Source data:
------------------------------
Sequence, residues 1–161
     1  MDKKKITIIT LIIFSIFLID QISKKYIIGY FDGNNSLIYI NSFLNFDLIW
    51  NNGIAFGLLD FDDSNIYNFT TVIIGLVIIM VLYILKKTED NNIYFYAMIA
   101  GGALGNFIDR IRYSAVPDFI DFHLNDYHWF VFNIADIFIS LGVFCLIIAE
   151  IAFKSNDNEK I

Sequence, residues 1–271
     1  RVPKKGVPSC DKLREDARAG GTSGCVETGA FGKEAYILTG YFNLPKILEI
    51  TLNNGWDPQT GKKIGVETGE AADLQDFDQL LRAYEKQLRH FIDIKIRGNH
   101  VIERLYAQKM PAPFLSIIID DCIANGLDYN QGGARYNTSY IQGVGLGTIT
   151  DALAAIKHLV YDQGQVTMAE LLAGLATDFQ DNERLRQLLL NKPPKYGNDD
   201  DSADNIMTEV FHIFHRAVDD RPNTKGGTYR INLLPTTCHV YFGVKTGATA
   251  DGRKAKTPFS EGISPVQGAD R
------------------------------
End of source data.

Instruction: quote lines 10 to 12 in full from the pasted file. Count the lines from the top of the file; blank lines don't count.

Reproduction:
   151  DALAAIKHLV YDQGQVTMAE LLAGLATDFQ DNERLRQLLL NKPPKYGNDD
   201  DSADNIMTEV FHIFHRAVDD RPNTKGGTYR INLLPTTCHV YFGVKTGATA
   251  DGRKAKTPFS EGISPVQGAD R